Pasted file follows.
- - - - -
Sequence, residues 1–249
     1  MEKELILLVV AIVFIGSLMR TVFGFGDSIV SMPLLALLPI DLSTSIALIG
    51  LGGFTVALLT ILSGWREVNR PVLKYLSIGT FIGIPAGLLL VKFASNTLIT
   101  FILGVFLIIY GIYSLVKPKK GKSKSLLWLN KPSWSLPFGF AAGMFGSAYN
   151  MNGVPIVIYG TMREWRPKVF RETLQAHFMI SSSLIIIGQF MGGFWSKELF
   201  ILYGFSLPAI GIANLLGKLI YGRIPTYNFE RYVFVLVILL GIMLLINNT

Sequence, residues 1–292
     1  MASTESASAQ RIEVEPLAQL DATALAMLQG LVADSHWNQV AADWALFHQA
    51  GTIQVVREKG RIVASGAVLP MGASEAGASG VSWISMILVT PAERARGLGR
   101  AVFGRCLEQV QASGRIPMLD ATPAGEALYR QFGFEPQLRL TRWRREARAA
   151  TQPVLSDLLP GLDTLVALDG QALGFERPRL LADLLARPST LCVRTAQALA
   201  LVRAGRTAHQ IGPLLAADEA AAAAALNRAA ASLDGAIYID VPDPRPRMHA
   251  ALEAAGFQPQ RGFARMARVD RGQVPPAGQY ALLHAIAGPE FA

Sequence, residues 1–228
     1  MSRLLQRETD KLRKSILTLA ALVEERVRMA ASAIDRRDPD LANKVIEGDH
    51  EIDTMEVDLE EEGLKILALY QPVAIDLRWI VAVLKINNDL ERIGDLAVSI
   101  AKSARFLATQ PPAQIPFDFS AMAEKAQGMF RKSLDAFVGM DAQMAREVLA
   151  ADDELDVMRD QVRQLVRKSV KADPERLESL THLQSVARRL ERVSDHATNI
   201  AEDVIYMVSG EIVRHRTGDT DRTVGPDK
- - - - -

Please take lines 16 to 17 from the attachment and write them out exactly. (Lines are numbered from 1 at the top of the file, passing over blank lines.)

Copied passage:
    51  EIDTMEVDLE EEGLKILALY QPVAIDLRWI VAVLKINNDL ERIGDLAVSI
   101  AKSARFLATQ PPAQIPFDFS AMAEKAQGMF RKSLDAFVGM DAQMAREVLA